You’ve probably seen your fair share of notices about the new state-required MCV4 vaccinations for new students under 30 enrolling in a Texas college or university. Even if you’re a returning student, you should consider getting the vaccination. You’ll need proof of vaccination if you ever skip a semester, or if you transfer to another Texas college or university. Plus, it’s a simple step toward preventing a disease that kills about 10 percent of those who get it, according to the Texas Department of Health.
Know the risks
Now, I’m not trying to scare anyone here. There is no meningitis epidemic underway. TDH states that the risk of getting bacterial meningitis in any given year is about 2.4 cases per 100,000 people for all age groups. Young adults, especially freshmen entering college, are at a slightly higher risk.
At first, that seems like a small risk. I’m more likely to die from a fall in the shower, and I’m less likely to die from a bear attack. So anything that falls in between is usually acceptable to me. But then I remembered that we have about 50,062 students enrolled at TCC this fall. That’s about half of the 100,000, or a ratio 1.2 per 50,000. I know probabilities don’t work like that, but it sounds like pretty good odds that someone at TCC could get bacterial meningitis this year. Don’t be that someone. Get the vaccination.
Numbers don’t matter when it hits home
Besides, risk ratios don’t mean much when you’re the one affected. I personally know two families who have lost loved ones to bacterial meningitis. They don’t take much comfort in knowing that their sons were victims of a relatively rare disease. I knew these boys.
I had never heard of meningococcal meningitis before Jason passed away in 1997. He had just moved into his dorm the weekend before his freshman year was to begin. Late Sunday night, he woke his roommates to tell them he wasn’t feeling well. He had flu-like symptoms, and he was throwing up. When he didn’t stop, they took him to the hospital.
No one’s quite sure why, but the hospital sent him back to the dorm after a few hours. Maybe they thought it was the flu. Or perhaps they chalked it up to typical freshman overindulgence on the first weekend away from home. He slept in while his roommates left for class in the morning. When they returned that afternoon, his condition had worsened. He was throwing up again and he had something that looked like bruises all over his body. He was rushed to the hospital again, but this time it was too late. The 6-foot-1 athlete died on the day he was supposed to begin a new chapter in his life.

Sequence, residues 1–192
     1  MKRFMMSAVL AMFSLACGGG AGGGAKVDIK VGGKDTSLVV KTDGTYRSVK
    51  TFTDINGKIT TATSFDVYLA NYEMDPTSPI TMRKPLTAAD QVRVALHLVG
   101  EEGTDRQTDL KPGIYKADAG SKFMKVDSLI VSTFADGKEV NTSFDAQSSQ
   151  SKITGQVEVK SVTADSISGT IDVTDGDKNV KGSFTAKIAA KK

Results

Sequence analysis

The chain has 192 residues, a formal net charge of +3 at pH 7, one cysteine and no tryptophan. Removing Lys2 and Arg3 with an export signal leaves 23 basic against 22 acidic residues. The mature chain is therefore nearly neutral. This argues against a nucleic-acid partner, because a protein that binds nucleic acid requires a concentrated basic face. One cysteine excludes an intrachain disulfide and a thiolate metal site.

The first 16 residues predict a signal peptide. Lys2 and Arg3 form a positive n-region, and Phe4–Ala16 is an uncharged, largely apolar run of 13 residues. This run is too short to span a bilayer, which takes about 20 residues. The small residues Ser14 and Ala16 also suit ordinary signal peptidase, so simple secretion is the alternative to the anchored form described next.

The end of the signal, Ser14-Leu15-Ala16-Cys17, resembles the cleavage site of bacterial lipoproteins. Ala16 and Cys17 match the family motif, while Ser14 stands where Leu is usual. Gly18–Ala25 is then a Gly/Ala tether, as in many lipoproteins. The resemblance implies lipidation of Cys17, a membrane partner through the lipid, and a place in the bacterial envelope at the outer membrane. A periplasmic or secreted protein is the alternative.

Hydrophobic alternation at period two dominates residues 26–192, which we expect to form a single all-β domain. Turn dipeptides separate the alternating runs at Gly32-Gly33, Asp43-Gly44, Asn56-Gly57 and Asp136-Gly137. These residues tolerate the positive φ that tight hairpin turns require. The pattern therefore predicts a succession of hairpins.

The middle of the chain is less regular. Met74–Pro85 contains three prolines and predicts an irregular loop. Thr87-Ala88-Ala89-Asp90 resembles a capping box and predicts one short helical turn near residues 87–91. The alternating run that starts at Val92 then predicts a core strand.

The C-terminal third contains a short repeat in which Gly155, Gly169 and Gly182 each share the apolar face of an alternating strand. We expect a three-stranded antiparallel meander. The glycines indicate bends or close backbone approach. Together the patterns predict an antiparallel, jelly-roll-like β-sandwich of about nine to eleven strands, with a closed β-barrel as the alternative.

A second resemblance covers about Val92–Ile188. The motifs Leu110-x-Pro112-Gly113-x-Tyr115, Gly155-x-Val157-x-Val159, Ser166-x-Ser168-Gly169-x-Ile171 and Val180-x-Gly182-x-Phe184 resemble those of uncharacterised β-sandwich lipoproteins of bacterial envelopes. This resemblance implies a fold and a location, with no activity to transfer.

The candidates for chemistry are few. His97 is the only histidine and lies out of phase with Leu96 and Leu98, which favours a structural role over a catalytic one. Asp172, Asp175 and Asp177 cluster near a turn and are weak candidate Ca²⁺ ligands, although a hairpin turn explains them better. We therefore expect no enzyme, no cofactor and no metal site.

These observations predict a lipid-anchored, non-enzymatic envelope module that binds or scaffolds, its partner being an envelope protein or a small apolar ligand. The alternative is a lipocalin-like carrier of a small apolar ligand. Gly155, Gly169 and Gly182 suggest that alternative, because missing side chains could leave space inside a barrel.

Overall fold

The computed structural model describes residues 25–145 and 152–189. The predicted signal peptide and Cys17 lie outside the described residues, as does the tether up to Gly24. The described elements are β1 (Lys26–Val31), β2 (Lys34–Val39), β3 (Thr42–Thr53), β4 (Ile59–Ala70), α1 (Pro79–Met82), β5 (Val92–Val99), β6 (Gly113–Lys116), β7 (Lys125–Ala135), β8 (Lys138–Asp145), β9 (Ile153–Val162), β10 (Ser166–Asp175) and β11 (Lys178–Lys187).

Consider yourself lucky if you’ve never been to a funeral for a teenager. Hundreds of mourning friends… a family still in shock… so much life… so much potential… gone… in a day. Jason.s mother confided to my wife a couple of years later, “You never look at a sunset quite the same way. Christmas is never the same. There’s just a void there.”
Lightning strikes again
A few years later in 2005, the “small risk” struck again. Austin, the son of some friends of mine, had just begun his freshman year on a baseball scholarship. He pitched a game Friday night and went home to visit his parents for the weekend. At first he complained of having a migraine. But after the pain intensified, he was rushed to the hospital. When I heard at church on Sunday that he was in the hospital with bacterial meningitis, I remember thinking to myself, “This time they caught it soon enough. This time won’t be like Jason.”
But this time was like Jason — all over again. One day later, he was gone. I couldn’t think of anything to say to the grieving family. I avoided them when I saw them. When I finally spoke to them, they admitted that they were hurt by my silence. They love to talk about Austin and they love to remember his legacy. We spent a few hours reminiscing about him and I felt privileged to hear some of their stories. I still mention Austin whenever I run into them. They smile as they remember, but there’s still that void in their eyes.
Just take care of it
Again, I’m not trying to scare anyone. I’m just saying don’t be that void in Mom’s eyes. Don’t be that 1 in 50,000. Get the vaccination. Get it now.